Life review with older women: an intervention to reduce depression and improve autobiographical memory.
Gonçalves DC., Albuquerque PB., Paul C.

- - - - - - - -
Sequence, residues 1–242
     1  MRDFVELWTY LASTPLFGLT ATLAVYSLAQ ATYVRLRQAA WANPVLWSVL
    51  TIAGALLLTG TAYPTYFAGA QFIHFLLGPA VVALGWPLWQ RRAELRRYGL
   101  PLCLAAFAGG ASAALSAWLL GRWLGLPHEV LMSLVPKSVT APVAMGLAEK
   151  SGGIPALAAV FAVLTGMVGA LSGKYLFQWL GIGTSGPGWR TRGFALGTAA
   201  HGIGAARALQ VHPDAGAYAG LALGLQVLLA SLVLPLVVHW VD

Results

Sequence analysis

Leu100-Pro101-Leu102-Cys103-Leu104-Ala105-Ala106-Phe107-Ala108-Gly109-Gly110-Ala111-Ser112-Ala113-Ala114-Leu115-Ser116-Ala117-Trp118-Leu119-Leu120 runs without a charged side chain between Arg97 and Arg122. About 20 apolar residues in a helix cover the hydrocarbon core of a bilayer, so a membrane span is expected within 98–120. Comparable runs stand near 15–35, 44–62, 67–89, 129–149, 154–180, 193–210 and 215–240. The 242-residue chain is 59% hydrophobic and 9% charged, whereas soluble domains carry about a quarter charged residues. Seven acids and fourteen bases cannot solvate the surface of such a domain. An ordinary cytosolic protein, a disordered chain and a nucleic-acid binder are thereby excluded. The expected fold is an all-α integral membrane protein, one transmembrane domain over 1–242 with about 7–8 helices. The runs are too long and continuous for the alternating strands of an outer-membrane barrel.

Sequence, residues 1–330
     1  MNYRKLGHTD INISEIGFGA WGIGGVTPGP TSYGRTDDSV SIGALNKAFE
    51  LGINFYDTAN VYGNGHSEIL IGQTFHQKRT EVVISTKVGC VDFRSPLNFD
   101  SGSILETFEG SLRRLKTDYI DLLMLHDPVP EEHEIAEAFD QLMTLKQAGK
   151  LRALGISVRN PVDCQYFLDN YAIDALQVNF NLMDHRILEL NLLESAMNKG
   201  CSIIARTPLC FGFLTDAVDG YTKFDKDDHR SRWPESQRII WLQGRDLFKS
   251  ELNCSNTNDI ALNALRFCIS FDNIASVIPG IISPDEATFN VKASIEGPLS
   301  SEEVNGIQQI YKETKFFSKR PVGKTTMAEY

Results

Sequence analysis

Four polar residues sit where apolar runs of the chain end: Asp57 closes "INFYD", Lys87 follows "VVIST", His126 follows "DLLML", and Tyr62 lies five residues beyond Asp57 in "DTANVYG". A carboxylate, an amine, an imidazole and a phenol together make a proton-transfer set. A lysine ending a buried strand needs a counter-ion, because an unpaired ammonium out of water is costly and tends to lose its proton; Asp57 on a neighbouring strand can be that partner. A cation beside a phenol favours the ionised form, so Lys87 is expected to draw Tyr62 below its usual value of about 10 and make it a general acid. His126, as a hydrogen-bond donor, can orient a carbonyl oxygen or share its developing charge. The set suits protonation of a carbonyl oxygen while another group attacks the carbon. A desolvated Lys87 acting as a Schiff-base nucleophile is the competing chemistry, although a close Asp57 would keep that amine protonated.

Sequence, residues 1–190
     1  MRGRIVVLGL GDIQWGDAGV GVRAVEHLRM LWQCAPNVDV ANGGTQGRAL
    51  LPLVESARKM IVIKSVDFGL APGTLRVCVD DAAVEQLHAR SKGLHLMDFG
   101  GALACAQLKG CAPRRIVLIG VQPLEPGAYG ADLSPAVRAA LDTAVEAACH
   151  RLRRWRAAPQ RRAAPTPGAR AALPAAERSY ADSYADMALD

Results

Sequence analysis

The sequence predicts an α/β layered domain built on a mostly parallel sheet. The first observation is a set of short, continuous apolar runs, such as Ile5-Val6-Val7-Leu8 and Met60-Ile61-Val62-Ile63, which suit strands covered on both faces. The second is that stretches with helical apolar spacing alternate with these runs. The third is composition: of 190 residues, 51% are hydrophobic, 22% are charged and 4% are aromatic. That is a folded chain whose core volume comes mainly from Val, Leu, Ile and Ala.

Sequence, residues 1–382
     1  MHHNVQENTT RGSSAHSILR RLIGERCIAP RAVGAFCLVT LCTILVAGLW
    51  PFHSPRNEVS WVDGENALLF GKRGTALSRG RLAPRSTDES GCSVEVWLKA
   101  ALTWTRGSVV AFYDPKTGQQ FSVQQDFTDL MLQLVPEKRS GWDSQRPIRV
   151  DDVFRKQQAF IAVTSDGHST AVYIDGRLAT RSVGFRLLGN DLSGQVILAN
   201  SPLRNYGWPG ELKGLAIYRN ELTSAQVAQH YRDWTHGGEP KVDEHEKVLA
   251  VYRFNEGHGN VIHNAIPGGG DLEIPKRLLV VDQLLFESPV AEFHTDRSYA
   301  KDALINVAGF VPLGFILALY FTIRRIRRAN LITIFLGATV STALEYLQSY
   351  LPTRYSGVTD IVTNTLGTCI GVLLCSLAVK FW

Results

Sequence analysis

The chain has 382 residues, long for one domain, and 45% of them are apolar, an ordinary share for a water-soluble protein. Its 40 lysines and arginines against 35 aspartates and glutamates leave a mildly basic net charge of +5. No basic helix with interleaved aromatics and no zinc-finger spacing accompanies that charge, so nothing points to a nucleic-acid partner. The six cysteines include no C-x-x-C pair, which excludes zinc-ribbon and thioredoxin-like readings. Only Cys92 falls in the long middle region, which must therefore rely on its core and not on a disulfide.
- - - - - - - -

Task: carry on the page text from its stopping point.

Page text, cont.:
BACKGROUND AND AIMS: As life expectancy rises worldwide and the population grows older, psychopathology in older adults becomes a significant public health concern and intervention methods acquire renewed importance. The aim of the present study was to assess the efficacy of Life Review as an intervention strategy in working with older women with depressive symptoms, specifically through promotion of the specificity of autobiographical memories. METHODS: Twenty-two participants were randomly assigned to experimental or control conditions. Intervention consisted of four individual sessions of Life Review, structured along 14 questions aimed at prompting autobiographical memory specificity. Participants in the control condition did not receive intervention. RESULTS: Results indicated a significant change in the experimental group, appearing as the reduction of depressive symptoms (t(20)=3.58, p<0.05) and an increase in life satisfaction (t(20)=-3.83, p<0.05), as well as a significant increase in the specificity (t(20)=-3.46, p<0.05) and positivity (t(20)=-4.23, p<0.05) of autobiographical memories. All variables reached high effect sizes, with an effect size of r=0.64 regarding depressive symptoms. CONCLUSIONS: Results suggest that Life Review is a valuable tool for use with older adults, and that promotion of specific autobiographical memories is a mechanism through which the strategy attains its effectiveness.